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Hollywood Reporter Names New Asia Bureau Chief

There has been a changing of the guard with regards to The Hollywood Reporter‘s on-the-ground coverage of China. Replacing the Hong Kong-based Clarence Tsui as Asia Bureau chief is the Beijing-located Clifford Coonan (pictured):

Before moving to China, Coonan was a Reuters correspondent for seven years. He was previously a China correspondent for Variety.

“What I’m trying to do is to share my experiences with those interested in how film and media work in this part of the world,” Coonan said. “I want to clarify this fascinating but often challenging market to overseas audiences. This is a fast growing and wildly vibrant region and helming The Hollywood Reporter‘s Asian coverage is a fantastic opportunity.”

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Hackers in China Have Been Attacking The New York Times Since October

When the editors at The New York Times delivered the well-reported piece exposing the extreme wealth of China’s prime minister, they probably weren’t that surprised when China blocked the online version of the piece. However, since then, hackers in China have been infiltrating the Times’ computers, gathering emails and passwords. This is a high tech spy story for the ages.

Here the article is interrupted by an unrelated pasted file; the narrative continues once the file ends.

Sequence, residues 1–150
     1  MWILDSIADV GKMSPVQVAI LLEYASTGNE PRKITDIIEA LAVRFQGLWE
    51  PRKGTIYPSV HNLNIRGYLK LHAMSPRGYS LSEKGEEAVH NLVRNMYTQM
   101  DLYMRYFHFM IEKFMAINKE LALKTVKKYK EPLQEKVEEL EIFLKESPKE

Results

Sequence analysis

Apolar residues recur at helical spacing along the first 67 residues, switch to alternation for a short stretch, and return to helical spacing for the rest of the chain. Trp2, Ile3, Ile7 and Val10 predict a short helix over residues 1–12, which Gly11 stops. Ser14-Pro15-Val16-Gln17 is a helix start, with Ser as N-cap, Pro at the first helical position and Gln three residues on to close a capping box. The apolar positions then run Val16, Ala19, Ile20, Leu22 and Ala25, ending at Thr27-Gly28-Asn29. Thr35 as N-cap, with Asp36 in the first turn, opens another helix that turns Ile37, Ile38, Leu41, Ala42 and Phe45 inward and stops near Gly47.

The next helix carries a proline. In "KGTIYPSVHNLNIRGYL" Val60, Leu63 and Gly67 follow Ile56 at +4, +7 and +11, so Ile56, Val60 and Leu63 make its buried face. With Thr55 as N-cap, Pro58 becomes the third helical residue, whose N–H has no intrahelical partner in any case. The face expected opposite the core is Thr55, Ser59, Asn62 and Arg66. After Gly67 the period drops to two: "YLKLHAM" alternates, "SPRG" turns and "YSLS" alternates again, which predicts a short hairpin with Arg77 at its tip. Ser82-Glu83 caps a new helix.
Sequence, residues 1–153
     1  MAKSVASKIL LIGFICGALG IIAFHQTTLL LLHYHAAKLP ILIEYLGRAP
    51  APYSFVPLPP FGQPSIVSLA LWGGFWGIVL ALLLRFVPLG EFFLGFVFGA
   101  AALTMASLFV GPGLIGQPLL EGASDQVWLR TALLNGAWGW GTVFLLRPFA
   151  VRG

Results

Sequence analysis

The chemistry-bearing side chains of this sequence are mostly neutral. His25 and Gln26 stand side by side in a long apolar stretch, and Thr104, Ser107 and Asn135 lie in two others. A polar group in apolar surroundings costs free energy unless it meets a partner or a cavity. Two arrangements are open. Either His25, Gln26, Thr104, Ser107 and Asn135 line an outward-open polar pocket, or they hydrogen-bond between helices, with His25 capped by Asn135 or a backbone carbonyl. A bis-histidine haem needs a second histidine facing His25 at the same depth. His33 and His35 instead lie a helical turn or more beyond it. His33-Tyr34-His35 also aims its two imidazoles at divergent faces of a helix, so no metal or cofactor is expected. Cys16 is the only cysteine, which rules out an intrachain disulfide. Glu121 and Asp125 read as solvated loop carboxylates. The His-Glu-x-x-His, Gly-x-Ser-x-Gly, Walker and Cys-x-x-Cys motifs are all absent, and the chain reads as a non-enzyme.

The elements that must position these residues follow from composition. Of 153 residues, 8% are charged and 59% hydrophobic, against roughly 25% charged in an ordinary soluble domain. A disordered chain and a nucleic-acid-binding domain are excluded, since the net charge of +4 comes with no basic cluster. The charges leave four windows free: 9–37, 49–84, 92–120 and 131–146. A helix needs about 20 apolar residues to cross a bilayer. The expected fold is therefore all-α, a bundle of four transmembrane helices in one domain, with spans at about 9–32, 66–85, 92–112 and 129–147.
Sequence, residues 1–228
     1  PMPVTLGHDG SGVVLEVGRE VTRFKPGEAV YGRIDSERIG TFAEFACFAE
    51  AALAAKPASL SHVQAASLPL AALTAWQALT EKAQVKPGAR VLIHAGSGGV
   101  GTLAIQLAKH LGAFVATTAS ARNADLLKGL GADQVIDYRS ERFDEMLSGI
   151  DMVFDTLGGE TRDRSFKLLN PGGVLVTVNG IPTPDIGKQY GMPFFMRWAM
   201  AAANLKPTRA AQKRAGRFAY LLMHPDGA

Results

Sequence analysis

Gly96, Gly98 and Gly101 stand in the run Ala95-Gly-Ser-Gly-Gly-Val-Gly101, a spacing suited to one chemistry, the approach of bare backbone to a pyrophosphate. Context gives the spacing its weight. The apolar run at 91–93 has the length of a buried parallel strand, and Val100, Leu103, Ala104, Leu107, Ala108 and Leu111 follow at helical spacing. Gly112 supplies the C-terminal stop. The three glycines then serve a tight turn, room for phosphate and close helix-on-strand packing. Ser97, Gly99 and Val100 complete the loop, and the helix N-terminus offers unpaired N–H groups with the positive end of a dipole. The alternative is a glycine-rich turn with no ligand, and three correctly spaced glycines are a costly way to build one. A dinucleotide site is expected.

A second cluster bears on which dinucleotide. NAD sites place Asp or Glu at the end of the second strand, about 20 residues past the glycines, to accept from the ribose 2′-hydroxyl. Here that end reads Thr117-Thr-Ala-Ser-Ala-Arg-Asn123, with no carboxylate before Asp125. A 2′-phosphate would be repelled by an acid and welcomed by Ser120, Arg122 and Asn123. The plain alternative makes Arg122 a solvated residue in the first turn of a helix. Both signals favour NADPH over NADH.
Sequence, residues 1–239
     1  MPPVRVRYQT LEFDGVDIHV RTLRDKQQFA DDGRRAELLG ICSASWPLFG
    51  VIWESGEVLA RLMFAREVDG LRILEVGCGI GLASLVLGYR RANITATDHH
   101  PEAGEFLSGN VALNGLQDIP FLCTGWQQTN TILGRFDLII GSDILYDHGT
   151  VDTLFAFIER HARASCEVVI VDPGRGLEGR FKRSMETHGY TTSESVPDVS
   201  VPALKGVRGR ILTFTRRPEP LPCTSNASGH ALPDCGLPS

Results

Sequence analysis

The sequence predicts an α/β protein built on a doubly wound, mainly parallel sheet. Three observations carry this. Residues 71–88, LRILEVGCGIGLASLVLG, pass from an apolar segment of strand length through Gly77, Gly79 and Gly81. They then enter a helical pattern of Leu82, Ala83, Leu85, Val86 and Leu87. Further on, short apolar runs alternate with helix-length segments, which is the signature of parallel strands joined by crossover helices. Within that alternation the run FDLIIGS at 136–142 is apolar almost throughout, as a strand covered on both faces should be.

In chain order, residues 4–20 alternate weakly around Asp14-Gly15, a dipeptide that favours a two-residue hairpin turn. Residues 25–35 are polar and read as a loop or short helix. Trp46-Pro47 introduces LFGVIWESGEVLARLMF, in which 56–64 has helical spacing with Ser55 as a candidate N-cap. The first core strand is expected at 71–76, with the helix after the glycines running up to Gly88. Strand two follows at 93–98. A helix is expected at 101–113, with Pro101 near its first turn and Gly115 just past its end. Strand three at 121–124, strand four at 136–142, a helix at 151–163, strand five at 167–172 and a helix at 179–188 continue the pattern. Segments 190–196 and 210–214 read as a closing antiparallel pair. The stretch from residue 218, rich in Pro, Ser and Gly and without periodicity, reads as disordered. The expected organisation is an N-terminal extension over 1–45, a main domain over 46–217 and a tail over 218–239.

During the digital attack, the hackers installed malicious maleware that allowed them to gain entry to any Times computer. The hackers stole every Times employee corporate password and used this inforamtion to gain access to 53 personal computers. The Times says no customer information was accessed. The hackers tried to hide what they were doing, but the Times caught on: